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From AJR,   November 1999  issue

Bumping Up Against the Glass Ceiling   

News director jobs still prove elusive for African Americans and other ethnic minorities.

By Lou Prato
Lou Prato is a former radio and television news director and a broadcast journalism professor at Penn State University.     

More ethnic minorities and people of color are working as reporters and anchors in local television nowadays, but a significant obstacle remains for those same minorities trying to become news directors.

The proportion of minority news directors at network-affiliated stations has remained steady for a decade, hovering at about 5 percent of the industry workforce, according to the latest survey by the Radio-Television News Directors Association. During those 10 years, the percentage of minorities working in various news jobs at those stations climbed about 2 percent, to 16 percent in the fourth quarter of 1998.

"I think it's worse now for minorities who want to be news directors," says Tom Jacobs, a former middle manager in broadcast news who now studies and writes about minority hiring. "The pressure is on so much for ratings at any station that the time to do 'social experimenting'--which is what GMs consider this--is over. They don't think minorities can handle the job. It isn't any easier for those who move into assistant news director or executive producer positions.

"When the news director job opens at their station, they don't get the job, and they then have to go to a much smaller market to become a news director--if at all," Jacobs says.

Gary Wordlaw, president and general manager of WTVH in Syracuse, was a news director for 15 years in Baltimore and Washington and is one of the few minority news directors to become a general manager. He laments that too few minorities are being hired as executive producers and assistant news directors "who could move up" into news directors' slots. And if they are hired for those jobs, they find it difficult "to get to that next level," Wordlaw says, because their professional network isn't as strong as it could be. "A lot of minority people don't know the general managers, news consultants or headhunters involved in the hiring. And there aren't many general managers or consultants from similar [minority] backgrounds, so they don't know where the people are who are qualified for the job."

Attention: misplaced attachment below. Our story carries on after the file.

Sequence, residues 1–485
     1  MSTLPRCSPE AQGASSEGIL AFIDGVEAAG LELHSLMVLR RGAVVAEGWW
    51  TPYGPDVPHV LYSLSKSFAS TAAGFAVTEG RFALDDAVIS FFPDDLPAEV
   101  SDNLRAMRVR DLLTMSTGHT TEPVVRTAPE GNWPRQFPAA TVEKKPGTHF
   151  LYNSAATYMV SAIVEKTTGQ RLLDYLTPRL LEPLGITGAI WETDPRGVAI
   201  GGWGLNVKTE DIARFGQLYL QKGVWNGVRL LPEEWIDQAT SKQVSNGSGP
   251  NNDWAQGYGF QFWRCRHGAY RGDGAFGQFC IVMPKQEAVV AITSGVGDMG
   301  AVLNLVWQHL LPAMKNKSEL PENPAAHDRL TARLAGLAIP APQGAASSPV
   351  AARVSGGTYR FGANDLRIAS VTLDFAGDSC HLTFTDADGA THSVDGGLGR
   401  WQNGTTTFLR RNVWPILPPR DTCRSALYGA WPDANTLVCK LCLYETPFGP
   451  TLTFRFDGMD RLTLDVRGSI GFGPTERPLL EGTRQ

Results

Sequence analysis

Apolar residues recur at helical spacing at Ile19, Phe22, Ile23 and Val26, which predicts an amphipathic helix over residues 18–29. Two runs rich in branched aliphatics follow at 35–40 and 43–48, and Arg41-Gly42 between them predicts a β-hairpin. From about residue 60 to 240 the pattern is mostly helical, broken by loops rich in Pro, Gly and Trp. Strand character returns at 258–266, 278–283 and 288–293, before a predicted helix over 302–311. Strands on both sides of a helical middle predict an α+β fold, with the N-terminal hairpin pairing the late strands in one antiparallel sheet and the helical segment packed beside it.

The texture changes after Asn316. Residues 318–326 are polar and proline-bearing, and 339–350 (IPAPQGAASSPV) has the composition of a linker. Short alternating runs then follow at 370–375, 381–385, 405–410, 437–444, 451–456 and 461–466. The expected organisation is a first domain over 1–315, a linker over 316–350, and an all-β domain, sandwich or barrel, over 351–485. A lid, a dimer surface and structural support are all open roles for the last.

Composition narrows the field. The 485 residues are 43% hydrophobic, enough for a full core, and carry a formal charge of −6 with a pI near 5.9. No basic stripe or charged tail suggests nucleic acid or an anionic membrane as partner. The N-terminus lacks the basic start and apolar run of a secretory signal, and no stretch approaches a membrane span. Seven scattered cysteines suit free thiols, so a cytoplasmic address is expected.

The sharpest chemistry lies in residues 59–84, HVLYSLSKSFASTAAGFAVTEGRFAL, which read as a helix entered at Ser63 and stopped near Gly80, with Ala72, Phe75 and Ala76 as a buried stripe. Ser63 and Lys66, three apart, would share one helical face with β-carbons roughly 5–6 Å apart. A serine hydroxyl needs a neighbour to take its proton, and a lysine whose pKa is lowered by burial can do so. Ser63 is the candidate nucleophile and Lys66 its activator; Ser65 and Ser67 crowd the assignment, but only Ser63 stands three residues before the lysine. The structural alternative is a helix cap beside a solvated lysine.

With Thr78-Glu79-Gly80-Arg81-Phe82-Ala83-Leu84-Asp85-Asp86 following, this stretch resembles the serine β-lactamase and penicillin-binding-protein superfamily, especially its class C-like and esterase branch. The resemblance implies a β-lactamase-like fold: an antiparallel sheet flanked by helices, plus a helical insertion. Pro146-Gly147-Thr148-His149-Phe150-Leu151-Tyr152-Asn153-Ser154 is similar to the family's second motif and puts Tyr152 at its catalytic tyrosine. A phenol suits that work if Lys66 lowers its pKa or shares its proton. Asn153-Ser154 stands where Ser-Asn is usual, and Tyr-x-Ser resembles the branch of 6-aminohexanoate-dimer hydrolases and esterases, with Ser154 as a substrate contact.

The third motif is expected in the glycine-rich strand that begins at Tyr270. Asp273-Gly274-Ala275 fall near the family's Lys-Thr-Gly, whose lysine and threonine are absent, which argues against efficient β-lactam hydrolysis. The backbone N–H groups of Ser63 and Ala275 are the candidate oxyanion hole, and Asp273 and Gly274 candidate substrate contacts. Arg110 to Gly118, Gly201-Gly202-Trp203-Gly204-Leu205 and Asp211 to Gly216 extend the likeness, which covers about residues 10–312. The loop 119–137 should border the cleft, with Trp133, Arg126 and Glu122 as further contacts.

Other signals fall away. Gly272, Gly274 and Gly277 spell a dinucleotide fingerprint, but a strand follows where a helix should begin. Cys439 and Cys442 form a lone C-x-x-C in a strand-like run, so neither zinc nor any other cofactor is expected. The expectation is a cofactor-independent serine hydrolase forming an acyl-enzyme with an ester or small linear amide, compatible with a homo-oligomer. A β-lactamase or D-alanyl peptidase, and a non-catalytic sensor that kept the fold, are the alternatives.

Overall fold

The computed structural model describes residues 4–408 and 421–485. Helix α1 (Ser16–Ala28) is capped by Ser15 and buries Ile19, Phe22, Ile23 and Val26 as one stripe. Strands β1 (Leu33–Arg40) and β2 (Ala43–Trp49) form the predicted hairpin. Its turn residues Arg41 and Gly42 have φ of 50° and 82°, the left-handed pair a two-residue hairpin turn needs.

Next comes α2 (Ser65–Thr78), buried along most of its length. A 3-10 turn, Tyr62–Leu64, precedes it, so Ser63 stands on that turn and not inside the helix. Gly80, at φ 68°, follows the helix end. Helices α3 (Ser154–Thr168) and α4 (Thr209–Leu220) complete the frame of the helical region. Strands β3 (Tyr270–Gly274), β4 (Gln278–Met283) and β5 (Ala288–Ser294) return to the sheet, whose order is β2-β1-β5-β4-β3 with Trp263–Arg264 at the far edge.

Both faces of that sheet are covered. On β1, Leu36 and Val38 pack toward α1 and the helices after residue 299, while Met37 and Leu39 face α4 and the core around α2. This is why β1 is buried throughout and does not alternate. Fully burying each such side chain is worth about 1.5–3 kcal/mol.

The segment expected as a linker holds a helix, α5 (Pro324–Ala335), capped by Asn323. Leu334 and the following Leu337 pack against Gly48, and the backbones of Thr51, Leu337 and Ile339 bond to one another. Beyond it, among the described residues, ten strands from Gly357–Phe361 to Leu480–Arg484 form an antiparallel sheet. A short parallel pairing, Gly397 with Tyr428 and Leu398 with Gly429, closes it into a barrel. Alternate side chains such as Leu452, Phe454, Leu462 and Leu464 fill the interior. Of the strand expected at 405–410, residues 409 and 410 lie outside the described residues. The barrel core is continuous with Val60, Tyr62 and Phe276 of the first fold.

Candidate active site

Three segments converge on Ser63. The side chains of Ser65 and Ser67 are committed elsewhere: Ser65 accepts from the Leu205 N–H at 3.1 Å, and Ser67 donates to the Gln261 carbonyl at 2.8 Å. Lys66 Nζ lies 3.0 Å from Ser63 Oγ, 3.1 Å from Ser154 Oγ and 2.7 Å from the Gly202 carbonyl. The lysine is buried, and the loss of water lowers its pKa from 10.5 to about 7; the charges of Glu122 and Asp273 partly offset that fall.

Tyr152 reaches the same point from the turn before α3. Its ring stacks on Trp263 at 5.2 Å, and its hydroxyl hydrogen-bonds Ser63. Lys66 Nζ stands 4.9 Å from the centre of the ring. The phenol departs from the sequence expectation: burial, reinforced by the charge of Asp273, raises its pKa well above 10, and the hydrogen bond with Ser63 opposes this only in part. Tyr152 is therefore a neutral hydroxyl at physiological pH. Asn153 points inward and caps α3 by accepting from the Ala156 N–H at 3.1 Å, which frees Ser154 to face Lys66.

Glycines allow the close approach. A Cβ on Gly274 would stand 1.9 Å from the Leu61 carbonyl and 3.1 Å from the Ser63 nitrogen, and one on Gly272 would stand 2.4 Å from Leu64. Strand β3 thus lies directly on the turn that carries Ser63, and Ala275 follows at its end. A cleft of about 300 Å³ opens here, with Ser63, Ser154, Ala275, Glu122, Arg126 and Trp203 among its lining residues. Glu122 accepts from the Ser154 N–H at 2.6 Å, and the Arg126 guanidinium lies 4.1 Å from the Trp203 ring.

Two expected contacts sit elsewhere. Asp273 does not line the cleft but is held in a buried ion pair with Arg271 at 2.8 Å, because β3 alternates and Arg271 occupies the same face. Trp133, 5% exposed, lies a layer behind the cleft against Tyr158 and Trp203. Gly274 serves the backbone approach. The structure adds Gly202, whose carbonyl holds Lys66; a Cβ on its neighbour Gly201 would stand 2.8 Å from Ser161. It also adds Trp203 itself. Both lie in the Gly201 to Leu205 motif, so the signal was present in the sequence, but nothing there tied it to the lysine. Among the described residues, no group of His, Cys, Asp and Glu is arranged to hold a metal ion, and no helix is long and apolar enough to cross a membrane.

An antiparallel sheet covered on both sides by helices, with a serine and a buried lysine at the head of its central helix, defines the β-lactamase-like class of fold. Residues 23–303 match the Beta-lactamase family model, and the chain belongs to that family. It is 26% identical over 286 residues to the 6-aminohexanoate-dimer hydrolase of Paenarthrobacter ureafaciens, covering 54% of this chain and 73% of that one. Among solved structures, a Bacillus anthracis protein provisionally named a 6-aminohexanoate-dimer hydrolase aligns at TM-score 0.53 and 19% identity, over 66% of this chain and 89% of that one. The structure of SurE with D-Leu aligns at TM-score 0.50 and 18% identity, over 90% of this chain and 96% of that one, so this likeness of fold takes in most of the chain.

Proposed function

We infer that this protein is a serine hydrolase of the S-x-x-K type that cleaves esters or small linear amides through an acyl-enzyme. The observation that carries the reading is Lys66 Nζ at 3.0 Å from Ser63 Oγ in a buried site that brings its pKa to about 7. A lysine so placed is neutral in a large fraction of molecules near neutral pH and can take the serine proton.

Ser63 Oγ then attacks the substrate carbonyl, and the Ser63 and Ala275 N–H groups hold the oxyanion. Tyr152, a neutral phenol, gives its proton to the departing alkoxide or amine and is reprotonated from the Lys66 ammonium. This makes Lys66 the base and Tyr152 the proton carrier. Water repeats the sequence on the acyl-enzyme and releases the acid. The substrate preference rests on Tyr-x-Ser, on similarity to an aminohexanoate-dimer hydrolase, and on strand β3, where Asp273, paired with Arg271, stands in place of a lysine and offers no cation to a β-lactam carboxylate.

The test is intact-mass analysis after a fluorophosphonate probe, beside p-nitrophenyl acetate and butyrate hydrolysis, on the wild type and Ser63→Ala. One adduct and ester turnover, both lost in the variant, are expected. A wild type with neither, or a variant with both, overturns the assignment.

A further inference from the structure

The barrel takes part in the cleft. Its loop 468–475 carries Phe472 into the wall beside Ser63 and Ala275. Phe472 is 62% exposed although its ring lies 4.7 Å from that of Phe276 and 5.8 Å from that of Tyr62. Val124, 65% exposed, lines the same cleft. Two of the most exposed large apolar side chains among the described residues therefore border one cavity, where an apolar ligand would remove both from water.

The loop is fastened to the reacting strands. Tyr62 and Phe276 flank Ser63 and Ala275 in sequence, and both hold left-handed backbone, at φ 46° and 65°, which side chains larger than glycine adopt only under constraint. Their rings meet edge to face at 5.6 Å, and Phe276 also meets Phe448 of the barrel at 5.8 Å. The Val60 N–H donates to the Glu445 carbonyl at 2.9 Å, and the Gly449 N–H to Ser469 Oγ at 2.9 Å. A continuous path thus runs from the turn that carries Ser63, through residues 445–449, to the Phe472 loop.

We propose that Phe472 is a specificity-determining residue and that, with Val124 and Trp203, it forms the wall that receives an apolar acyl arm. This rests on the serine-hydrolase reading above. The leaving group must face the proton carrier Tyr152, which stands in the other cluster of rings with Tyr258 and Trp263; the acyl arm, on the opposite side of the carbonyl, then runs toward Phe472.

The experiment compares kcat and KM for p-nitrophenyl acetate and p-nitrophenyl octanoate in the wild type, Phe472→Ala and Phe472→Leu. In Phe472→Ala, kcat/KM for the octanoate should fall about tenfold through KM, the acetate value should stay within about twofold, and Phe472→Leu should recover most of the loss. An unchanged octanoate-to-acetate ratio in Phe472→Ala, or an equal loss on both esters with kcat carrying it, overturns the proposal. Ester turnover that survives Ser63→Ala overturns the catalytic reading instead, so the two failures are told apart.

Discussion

Jacobs and Wordlaw are African Americans, but they say the problem affects all ethnic minorities. Janice S. Gin agrees. She is the executive producer at San Francisco's KGO-TV and is one of the few Asian Americans in an upper-management TV news position. She points to the San Francisco affiliate stations as an example, saying she knows of only one other minority manager in news higher than a show producer. "Of all the states and of all the cities in the country, I am really dismayed that there's no diversity here in broadcast management other than the ethnic media and the public station."

Gin and others realize the problem extends to the young people entering the business. Most want to be on the air and have little desire to work behind the scenes. "You don't have as many people moving into a management pipeline," Jacobs says. "You need to do the grunt work to learn all phases of the business, and there are a lot of people who don't want to do that."

Wordlaw says this aspect isn't race-specific. "Generally, the kids are coming out of college thinking they are better than they are," Wordlaw says. "When they find out nobody else thinks they are that good, many of them leave the business because there are other opportunities out there."

Jim Willi, president of Audience Research & Development, says many stations make a strong effort to find minorities for management positions but discover the pipeline is too short. "The one thing I hear from television stations a lot is that it's very difficult to hire minorities for producer positions, which seem to lead to management more often than a reporter or anchor position," he says. Willi also blames the stations for offering low salaries to beginners--often in the mid- to high teens. "This affects everyone, and not just minorities," Willi says. "The entry-level positions pay so little that if you're smart, you're going to go to work for some other company that's going to pay you twice as much money as you would get for working at a television station. That certainly affects minorities, because they're heavily recruited by other companies, coming out of college."

However, Gin says stations need to be more active in their pursuit of minorities. "I'm not saying they need to fill quotas or hire one of every color because that meets some politically correct agenda, but I'm talking about an affirmative step to look for people to make your staff diverse."

Jacobs says stations need to do that for their own survival. "People are not watching the news the way they used to, and the percentage of audience made up of whites is shrinking while the percentage of minorities is growing," he says. "The country is changing. The industry needs to change, too."